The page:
Steve Schultze, who is Associate Director of The Center for Information Technology Policy at Princeton, gives an excellent history and background to the fee-based PACER (Public Access to Court Electronic Records) system and various attempts to make this public information freely available.
- PACER, RECAP, and the Movement to Free American Case Law, by Steve Schultze, VoxPopuLII, LII / Legal Information Institute, Cornell University Law School (February 3, 2011).
A lot of this information will be old news if you’ve been following the story over the years, but I’ve never seen it all brought together so thoroughly in one place with so many good links before. Schultze summarizes the problem:
I was shocked that the system was charging for every single search I performed. With the type of research I was trying to do, it was inevitable that I would have to do countless searches to find what I was looking for. What’s more, the search functionality provided by PACER turned out to be nearly useless for the task at hand — there was no way to search for keywords, or within documents at all. The best I could do was pay for all the documents in particular cases that I suspected were relevant, and then try to sort through them on my own hard drive. Even this would be far from comprehensive.
The sad irony of the PACER fiasco is seeing government officials get upset when their system was being used during a free trial. (They complained because “One request was being made every three seconds”!) They shut down the free-access trial to put a stop to that! And they initiated an FBI investigation of those who were using the system so heavily! In a different world, a government agency would be proud to see its information being heavily used and valued by the public; governments would develop policies, missions, and budgets to encourage this.
But PACER generates money through its fees and, in a world in which “cost recovery” and “self sustaining programs” and “pay as you go” and restrictions on access are valued more than free public access, free use is anathema.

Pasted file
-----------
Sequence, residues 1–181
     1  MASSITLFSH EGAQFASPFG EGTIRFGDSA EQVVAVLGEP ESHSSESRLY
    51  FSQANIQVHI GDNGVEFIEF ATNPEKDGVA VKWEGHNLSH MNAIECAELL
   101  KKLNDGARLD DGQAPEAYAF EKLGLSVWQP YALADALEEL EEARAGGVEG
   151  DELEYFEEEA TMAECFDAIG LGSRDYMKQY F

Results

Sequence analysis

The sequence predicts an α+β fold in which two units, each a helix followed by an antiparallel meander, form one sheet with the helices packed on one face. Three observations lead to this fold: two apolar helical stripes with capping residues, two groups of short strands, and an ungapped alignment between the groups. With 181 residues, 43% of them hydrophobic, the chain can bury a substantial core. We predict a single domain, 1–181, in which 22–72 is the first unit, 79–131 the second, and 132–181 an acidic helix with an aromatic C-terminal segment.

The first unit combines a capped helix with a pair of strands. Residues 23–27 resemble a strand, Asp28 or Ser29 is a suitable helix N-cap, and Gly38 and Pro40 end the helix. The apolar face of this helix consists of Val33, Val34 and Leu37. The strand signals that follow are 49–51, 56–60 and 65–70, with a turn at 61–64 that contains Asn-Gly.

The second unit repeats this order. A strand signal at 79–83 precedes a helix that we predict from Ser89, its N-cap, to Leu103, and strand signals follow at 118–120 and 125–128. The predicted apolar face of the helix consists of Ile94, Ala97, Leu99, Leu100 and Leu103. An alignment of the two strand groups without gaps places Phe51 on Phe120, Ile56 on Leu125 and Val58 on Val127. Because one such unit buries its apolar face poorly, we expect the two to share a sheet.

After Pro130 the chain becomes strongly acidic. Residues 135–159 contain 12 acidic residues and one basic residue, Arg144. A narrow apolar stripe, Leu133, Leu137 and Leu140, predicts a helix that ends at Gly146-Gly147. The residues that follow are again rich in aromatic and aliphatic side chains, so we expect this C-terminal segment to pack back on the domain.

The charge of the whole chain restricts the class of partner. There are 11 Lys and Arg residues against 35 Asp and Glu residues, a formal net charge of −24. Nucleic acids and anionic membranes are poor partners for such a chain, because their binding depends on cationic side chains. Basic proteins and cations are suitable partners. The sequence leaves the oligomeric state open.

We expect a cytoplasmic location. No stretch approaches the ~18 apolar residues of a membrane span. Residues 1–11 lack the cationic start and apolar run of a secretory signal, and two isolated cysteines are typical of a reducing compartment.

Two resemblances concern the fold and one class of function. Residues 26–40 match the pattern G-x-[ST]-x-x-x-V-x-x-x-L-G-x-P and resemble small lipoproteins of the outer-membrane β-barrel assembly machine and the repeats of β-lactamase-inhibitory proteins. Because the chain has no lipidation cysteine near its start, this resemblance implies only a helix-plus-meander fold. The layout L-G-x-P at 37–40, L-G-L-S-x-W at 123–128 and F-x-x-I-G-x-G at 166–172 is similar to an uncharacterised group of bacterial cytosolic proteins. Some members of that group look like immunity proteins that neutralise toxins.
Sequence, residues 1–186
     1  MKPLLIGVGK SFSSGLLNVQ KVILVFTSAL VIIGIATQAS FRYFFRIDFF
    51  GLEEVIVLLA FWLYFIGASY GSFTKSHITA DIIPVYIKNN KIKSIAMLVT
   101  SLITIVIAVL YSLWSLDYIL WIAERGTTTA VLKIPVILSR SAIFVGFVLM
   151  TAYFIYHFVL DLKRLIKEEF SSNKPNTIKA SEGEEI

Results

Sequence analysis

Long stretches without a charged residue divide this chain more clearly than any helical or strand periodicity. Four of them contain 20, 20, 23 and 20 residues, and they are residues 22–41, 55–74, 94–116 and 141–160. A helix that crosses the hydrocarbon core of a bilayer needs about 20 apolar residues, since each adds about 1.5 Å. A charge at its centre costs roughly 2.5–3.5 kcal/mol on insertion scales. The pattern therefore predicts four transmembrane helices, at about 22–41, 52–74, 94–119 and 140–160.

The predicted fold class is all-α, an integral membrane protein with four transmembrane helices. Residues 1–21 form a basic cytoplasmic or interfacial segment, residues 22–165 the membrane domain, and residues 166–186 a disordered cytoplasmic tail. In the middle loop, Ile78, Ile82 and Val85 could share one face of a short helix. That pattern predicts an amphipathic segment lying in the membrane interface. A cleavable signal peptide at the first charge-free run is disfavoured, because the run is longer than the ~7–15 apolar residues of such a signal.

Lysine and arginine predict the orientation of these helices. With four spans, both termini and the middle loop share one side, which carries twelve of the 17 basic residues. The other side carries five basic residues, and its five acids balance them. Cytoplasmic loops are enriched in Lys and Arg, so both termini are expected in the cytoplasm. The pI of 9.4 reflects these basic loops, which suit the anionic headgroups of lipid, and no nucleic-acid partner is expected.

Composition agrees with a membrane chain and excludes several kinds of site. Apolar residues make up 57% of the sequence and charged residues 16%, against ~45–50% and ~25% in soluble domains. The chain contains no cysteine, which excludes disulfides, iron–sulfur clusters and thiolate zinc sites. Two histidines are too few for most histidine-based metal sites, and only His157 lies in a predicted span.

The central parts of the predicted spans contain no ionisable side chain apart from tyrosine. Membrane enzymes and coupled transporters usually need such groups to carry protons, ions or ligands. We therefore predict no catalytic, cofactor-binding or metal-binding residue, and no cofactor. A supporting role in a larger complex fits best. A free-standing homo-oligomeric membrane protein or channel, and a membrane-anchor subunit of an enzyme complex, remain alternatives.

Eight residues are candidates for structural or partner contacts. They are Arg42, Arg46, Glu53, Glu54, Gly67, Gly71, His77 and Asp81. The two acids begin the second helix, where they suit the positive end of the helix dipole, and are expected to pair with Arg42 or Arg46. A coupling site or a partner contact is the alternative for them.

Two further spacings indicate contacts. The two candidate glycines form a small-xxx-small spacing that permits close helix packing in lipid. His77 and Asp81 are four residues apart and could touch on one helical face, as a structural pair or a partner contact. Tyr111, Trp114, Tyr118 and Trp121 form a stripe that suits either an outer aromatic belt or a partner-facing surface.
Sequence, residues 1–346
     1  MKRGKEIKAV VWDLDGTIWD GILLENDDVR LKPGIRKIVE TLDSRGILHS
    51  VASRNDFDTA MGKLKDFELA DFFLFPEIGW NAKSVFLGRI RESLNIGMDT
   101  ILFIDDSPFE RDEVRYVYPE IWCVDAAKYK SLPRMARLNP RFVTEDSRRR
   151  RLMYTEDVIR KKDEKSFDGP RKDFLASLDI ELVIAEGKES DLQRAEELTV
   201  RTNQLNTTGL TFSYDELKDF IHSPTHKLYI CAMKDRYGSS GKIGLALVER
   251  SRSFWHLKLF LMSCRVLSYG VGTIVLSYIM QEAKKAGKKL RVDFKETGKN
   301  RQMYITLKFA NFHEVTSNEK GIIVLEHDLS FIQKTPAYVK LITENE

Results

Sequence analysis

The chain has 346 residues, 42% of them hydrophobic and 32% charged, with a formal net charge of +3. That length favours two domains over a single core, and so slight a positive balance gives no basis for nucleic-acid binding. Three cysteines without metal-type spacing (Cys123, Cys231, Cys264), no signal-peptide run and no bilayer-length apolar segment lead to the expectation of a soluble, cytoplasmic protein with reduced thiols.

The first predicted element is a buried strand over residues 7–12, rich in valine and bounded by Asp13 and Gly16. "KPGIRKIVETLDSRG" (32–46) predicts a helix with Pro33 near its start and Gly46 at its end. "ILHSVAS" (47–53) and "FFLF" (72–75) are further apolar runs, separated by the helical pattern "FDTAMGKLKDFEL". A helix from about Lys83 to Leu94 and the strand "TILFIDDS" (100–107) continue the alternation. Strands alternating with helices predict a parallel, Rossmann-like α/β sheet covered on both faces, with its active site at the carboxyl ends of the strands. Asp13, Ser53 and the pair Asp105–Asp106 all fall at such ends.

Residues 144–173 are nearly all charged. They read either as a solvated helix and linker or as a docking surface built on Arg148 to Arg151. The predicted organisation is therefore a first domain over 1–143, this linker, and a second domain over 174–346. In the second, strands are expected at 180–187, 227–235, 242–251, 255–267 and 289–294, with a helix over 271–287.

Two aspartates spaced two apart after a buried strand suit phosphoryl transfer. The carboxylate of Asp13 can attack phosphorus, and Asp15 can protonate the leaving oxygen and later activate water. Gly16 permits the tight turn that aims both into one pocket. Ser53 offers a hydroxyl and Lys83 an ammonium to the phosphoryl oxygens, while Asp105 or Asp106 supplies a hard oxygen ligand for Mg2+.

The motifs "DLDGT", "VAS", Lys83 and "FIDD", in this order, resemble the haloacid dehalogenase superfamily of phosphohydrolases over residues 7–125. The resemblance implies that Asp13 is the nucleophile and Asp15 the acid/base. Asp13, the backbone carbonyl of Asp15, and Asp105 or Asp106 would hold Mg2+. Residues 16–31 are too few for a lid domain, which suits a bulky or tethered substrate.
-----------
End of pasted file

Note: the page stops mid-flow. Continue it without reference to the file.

There is a lesson for all of us here. Budgets are bad and governments are cutting back drastically. We are sure to see rollbacks in free access; restrictions put on access or reuse or both; fees imposed; information taken offline because it is “too expensive” to keep online. Some agencies will fight these restrictions, but will be hard-put to find the resources and support to win those battles. Those agencies will need our help. Other agencies will welcome the excuse to have stricter control over what they reveal and what they hide; they will welcome the opportunity to raise money on their information “assets.” We will have to fight those agencies.
In general, the economic situation in the nation means that we are going to have to fight to maintain free public access to government information. Free access to information on the web will not be a given at a time when governments are slashing budgets and politicians are campaigning to reduce government services and outsource those services to the private (fee-based) sector.
We can certainly fight politically by lobbying and supporting causes we believe in. But we also can fight using our own resources and making our own choices. One way we can do that is to get that information off of government-controlled servers and into the hands of our community libraries where our communities are in control of access. This goes against the now common idea that “everything is on the web” so we don’t have to have local collections any more. On the contrary, this is the very time that we need to build digital collections to ensure long term preservation of that information and long-term free public access to it. “Self sustaining” government agencies are the enemy of free public access. We have a lot of flexibility in the digital age; “communities” no longer have to be geographically-based. Every library can have communities-of-interest and users anywhere.
Libraries that are confused about their role should see this as a clear, unambiguous opportunity. Rather than shirking the responsibility of building collections and hoping that someone else will keep information freely available, libraries can seize the opportunity to do what no one else is doing: build free digital public libraries. Providing actual collections (rather than links to content that may or may not be there tomorrow) will engender support (and funding) better than vague promises of user-assistance. Providing actual services built on top of those locally-controlled collections will attract users at a time when users are ignoring services-without-collections-libraries in favor of google.
The easiest place to start building digital collections is with public domain government information. (Is any library downloading all the documents at fcic.gov? Someone should — before it is too late!)
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